Given one or more example images of a scene it is possible to generate novel views by re-sampling the images using appropriate warping functions.
Certain sequences of images, such as the sequence formed by a camera rotating around its optical centre, can be mapped onto a single image plane. Any image in the sequence, or images between example frames, can then be recovered using the inverse mapping. This is the principle used in QuickTimeVR which enables an environment to be viewed in any direction from fixed positions . The image resulting from a pure camera rotation is commonly known as a panorama.
Any two images of the same scene or object taken from similar viewpoints will generally have a similar appearance. If the correspondence between image pixels is known then intermediate viewpoints can be approximated by interpolating pixel positions from one frame to the next . A whole set of images can be represented by a connected graph where nodes represent the images and arcs represent pixel correspondences. The user can then move continuously around the space represented by the images by interpolating from one node to the next. The advantage of this approach is its simplicity but to be effective a very large number of closely spaced images are needed. Sietz  improved this basic idea to produce physically valid intermediate views by first rectifying the images so that their epipolar lines were aligned.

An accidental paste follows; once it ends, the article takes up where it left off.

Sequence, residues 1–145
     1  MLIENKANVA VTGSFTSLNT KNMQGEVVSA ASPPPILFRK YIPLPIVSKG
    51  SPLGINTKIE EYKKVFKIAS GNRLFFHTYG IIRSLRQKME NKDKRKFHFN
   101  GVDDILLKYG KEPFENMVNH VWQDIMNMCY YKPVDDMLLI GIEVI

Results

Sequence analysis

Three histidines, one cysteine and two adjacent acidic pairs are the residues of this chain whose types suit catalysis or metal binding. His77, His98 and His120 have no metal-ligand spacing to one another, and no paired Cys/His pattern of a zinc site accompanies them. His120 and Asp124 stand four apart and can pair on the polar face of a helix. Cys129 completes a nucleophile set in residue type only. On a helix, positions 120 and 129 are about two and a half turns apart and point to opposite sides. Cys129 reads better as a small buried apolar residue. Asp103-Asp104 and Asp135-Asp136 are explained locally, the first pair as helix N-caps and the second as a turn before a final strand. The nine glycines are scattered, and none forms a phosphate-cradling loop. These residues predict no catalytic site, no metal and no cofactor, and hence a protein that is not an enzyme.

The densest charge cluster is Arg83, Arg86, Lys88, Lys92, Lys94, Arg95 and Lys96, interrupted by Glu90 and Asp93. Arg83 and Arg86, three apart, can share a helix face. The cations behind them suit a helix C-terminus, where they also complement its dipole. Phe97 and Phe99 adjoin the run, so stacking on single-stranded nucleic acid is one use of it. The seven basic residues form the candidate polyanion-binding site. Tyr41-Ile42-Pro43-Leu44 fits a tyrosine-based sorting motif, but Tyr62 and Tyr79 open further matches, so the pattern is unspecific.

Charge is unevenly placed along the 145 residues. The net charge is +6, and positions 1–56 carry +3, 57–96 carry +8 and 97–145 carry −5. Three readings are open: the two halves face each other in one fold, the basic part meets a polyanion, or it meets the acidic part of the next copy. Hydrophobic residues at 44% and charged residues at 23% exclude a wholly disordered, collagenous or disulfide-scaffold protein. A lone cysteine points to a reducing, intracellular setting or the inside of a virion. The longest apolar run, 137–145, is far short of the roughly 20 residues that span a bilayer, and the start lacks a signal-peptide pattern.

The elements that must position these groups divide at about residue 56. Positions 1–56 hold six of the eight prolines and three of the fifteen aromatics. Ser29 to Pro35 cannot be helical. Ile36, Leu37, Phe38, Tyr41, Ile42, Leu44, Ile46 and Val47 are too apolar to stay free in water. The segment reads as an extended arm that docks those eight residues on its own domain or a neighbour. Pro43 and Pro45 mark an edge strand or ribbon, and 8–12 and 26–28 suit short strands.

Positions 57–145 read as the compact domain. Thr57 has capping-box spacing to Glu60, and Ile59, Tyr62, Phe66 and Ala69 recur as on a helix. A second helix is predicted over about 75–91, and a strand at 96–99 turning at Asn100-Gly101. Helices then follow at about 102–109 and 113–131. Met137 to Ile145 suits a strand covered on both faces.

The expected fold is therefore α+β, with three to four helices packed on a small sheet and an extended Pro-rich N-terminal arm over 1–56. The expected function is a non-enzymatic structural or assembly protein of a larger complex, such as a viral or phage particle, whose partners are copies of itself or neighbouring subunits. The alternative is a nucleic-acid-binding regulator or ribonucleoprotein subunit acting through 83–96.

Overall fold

Methods for correctly reconstructing novel views from multiple example images are based on the observation that certain relationships exist between the positions of pixels representing the same points in space observed from different viewpoints. In general, given two views, the camera's internal and external parameters and the correspondence between image pixels any third view can be reconstructed . Under more specific circumstances, however, some of these requirements can be relaxed. For example, for orthographic images only the pixel correspondences are required . For perspective images it can be shown that any third view can be reconstructed given only the pixel correspondences and the epipolar geometry for the two example views which can be estimated from a small number of point correspondences [7,1]. Laveau et al  exploit this to represent a scene as a collection of images and fundamental matrices.